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On June 28, 1969, a riot broke out in New York after police raided a gay bar called the Stonewall Inn. This became known later as the Stonewall Riots, or Christopher Street Liberation Day. Rioting and protests went on for a few nights, and all of this led to the idea of promoting gay rights on a larger, more organized, scale. The first idea of a march came in 1969 by four activists who set their sights on New York City. In order to do this, many activist organizations had to be involved, which at that time took a bit more prodding to accomplish. Regardless, it was done, and the 2nd pride parade was held on the anniversary of the Stonewall Riots, in New York City.
It wasn’t the 1st, because Chicago beat out NYC, holding its first – and the country’s first – pride parade on June 27th, 1970, through the Chicago Gay Liberation Front. More cities joined in the following year, including international cities like London, Paris, and Berlin. Quite obviously, since that time, celebrating gay pride has become an international event, with tons of celebrations, parades, and parties included. In America, the rights finally came through in 2015 when the US Supreme Court legalized gay marriage in all 50 states.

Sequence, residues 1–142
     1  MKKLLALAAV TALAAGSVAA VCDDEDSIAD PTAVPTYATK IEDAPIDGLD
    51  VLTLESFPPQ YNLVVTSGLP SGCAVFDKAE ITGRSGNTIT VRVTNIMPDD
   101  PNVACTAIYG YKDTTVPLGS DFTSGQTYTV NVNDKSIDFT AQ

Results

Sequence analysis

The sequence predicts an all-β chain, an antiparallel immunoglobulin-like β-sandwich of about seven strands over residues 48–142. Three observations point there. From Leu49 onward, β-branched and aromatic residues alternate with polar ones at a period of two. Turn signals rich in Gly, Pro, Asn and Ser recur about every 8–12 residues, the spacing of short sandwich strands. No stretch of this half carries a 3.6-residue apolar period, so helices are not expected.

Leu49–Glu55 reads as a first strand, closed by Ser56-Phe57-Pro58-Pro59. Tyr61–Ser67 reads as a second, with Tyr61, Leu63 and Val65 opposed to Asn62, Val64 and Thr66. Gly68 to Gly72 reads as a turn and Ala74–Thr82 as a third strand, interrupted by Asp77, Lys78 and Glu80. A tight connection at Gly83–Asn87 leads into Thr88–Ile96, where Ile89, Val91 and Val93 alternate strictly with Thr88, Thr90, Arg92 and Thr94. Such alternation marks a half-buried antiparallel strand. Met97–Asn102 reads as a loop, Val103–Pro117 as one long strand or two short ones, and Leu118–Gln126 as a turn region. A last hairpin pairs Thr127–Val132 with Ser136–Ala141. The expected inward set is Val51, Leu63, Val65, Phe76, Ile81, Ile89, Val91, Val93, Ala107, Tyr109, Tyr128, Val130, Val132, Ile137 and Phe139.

For anyone paying attention, this only accounted for marriage though. In reality, it is now several years after that legalization went through, and there are still currently no protections in the US against discrimination based on sexual orientation. In 2020, the US Supreme Court did make a ruling that sexual orientation and gender identity do qualify as ‘sex’, and therefore are covered in terms of employment discrimination via the 1964 Civil Rights Act. The more comprehensive Equality Act is still sitting in congress. This bill would amend the 1964 Civil Rights Act to entirely prohibit discrimination based on sex, sexual orientation, and gender identity when it comes to the following issues: education, housing, employment, public accommodations, jury duty, federal programs, and credit.